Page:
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Security and Privacy of Lightweight Clients

In this chapter, we briefly overview and analyze the security of simple payment verification in Bitcoin. We then discus the operation of current lightweight clients and analyze their security and privacy provisions.


We start by describing simple payment verification (SPV) in Bitcoin.


As described in Chapter 4, Bitcoin requires peers in the system to verify all broadcasted transactions and blocks. Clearly, this comes at the expense of storage and computational overhead. Currently, a typical Bitcoin installation requires more than 70 GB of disk space and considerable time (and computational resources) to download and locally index blocks/transactions that are contained in the blockchain. Moreover, the continuous growth of Bitcoin transactional volume incurs significant computational overhead on the Bitcoin clients when verifying the correctness of broadcasted blocks and transactions in the network. This problem becomes even more evident when users wish to perform/verify Bitcoin payments from resource- constrained devices such as mobile devices and tablets.

To remedy that, lightweight client implementations have been proposed in [1]. These clients only perform a so-called simplified payment verification (SPV). SPV clients do not store the entire blockchain, nor do they validate all transactions in the system. Notably, SPV clients only perform a limited amount of verifications, such as the verification of block difficulty and the presence of a transaction in the Merkle tree, and offload the verification of all transactions and blocks to the full Bitcoin nodes.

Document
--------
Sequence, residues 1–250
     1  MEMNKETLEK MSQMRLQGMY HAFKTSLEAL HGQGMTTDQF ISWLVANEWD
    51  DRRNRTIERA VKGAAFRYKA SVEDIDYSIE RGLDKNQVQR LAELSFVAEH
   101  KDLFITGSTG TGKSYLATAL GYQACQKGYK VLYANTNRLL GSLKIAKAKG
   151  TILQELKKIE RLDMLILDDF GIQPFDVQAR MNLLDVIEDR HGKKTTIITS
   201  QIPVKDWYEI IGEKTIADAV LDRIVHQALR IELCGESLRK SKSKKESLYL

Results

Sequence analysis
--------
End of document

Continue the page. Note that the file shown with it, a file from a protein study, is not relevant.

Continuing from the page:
Note that this clearly comes at costs of decentralization, since a critical security component of the network is outsourced to few nodes in the system. Recall that SPV clients currently connect by default to four regular nodes; if all these nodes are malicious, then they could effectively control the view of the SPV client on the network and could prevent the client from sending and receiving transactions.

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